TaylorMade M1 driver review

The TaylorMade M1 driver is as futuristic in looks as it is technology.

Down behind the ball, the black face contrasts prominently with the white front section of the crown and then further back still, the kink in the carbon fibre element actually helps centre the ball on the clubface.

Despite all the technology packed underneath, the club actually feels lightweight and easy to swing.

The adjustability, while offering an array of different shot shape, launch and spin settings is very intuitive; it’s a system most amateurs should be able to grasp fairly swiftly.

Testing M1 up against the TaylorMade R15 that it replaces, the first difference that strikes you is the sound.

While R15 was muted and understated, the M1 has a more powerful, higher pitched ting to it that I preferred. It wasn’t over powering, but it let you know when you’d struck the ball solidly.

That feeling of solidity was another feature prominent in M1, with the ball leaping off the clubface with low spin and high launch.

I immediately picked up ball speed, but then switching to a heavier Aldila Rogue shaft help achieve the optimum ball flight.

This was further aided by the sliding weights. Not only could I keep the spin down by sliding the weight in the back track closer to the face, but I could also negate my tendency to over-turn the ball from right-to-left by shifting the weight in the front track toward the toe.

In the end, I picked up more than 12 yards of total distance, something I never thought would be achievable.

There has been a lot of hype and build up associated with the M1 driver from TaylorMade but from the initial testing we’ve carried out, it would appear to live up to it’s billing and offer improved performance over the R15. Of course its’ predocessor is still a good performer but there is no doubt the M1 driver is a leap forward both in terms of the adjustability on offer as well as the feel, forgiveness and distance.

The feedback from the TaylorMade tour staff would also suggest the new M1 driver is offering more peformance. Jason Day used it throughout the Fed Ex Cup play-offs with Justin Rose, Sergio Garcia and Dustin Johnson also making the switch immediately. It’s also become a regular sight on the European Tour in its’ first few weeks, generating plenty of chatter behind-the-scenes.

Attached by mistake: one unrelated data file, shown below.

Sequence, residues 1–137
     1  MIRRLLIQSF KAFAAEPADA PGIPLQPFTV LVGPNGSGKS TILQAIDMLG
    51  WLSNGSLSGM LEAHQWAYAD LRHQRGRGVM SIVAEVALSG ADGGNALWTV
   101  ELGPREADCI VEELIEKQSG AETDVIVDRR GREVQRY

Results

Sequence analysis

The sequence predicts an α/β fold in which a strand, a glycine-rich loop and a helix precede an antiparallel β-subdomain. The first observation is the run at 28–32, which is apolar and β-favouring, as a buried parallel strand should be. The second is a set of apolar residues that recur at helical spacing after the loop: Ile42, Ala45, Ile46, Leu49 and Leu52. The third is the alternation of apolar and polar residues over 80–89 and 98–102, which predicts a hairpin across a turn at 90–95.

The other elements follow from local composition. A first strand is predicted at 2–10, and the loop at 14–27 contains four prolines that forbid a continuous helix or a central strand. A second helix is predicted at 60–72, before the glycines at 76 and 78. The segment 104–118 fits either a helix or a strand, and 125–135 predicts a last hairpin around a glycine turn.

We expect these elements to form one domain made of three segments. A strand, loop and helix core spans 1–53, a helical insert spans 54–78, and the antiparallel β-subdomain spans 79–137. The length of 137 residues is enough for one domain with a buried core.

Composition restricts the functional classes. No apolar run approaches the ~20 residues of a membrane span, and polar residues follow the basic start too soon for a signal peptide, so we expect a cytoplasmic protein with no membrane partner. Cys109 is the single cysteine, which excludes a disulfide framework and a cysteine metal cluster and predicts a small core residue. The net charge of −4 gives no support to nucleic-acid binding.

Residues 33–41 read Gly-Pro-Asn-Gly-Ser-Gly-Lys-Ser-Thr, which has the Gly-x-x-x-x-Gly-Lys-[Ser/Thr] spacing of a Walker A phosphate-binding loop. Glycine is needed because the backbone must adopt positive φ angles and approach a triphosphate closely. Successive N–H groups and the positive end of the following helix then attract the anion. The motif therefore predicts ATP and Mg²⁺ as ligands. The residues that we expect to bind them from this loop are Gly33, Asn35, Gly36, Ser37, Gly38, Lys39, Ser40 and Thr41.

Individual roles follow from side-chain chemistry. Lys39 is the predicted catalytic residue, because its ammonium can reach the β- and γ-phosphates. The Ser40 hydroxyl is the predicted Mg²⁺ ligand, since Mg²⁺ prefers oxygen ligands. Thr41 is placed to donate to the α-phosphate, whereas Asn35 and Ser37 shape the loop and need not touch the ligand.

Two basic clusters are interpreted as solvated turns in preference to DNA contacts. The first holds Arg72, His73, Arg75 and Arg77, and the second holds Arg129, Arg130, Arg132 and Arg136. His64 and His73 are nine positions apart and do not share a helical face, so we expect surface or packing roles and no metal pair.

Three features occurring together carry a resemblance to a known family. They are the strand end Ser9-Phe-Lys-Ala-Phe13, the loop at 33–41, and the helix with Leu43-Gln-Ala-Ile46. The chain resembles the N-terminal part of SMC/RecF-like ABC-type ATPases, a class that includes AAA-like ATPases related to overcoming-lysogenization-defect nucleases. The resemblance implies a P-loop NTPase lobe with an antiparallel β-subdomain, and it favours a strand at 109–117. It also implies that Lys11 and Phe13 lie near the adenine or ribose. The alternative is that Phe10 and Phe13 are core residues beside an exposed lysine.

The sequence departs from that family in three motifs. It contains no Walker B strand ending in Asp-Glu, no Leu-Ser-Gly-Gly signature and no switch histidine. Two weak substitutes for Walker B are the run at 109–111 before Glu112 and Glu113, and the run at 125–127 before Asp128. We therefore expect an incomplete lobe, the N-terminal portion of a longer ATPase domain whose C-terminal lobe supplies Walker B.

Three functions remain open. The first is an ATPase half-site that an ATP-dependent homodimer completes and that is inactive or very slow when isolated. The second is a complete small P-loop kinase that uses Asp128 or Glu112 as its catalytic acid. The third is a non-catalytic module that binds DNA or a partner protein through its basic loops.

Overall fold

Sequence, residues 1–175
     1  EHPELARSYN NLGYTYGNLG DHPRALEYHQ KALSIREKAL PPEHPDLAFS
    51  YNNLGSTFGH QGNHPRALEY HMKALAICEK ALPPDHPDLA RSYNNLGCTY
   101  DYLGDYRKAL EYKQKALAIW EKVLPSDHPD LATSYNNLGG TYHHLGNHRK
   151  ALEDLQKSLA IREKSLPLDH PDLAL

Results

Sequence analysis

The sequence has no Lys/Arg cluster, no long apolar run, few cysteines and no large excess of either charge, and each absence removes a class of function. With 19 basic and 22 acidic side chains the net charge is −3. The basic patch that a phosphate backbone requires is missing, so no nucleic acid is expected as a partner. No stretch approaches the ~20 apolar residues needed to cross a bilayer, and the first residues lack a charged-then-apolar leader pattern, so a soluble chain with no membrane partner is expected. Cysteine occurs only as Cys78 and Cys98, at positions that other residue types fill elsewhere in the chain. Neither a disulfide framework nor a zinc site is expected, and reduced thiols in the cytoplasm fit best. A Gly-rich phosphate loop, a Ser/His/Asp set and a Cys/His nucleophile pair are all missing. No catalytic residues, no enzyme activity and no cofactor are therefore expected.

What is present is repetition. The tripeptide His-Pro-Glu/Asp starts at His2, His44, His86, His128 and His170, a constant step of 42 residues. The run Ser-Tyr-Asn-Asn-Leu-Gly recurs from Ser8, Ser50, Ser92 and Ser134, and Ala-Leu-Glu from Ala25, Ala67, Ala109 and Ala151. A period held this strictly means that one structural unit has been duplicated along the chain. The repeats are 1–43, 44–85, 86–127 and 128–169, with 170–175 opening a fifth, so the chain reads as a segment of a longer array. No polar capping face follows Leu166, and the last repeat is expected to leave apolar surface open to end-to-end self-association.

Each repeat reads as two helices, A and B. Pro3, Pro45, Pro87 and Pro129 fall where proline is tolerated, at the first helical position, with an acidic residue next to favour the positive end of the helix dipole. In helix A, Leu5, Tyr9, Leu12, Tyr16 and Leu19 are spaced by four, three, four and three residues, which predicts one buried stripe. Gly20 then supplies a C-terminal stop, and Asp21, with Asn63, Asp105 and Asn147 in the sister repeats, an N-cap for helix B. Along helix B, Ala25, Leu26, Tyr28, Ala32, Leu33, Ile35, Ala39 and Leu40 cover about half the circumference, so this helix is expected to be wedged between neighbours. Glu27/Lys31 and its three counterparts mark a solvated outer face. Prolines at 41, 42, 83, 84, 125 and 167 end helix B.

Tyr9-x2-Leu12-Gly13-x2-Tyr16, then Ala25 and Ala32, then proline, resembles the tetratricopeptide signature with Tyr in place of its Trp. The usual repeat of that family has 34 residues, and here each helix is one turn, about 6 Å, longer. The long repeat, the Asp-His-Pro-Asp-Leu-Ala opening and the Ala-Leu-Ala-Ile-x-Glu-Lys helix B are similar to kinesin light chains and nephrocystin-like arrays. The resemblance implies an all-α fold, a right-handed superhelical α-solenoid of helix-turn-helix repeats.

The new taylorMade M1 driver is available now and with the adjustability on offer, there is no reason that anyone prepared to pay premium price-tag will find more performance.

TaylorMade M1 – Long term test

I have had the TaylorMade M1 driver in the bag ever since they were kind enough to gift me one at the launch event in Connecticut in early September and its performance has only served to secure its place. I’ve struggled to get on with TaylorMade drivers in the past but the switch into M1 produced instant results that honestly blew me away. It’s arguably the most solid-feeling driver at impact out there at the moment and this has translated into more distance.

I think a big help in achieving the impressive performance I have been experiencing is the shaft. My Aldila Rogue is the lowest launching of the three main stock options. My flight has always been relatively high, so bringing it down slightly has upped my control but without losing out on distance. I’ve played around with the sliding weights on the sole but because I like to shape the ball both ways depending on the hole I’m playing, I’ve just opted for the neutral directional setting, with the other weight in the forward position to lower both launch and spin.

I know many golfers are sceptical about the quick turnover of product from TaylorMade but I can say with some confidence that this driver offers a bigger increase in performance than previous product launches and urge you to give the TaylorMade M1 driver a try. Only then will know if it justifies the investment.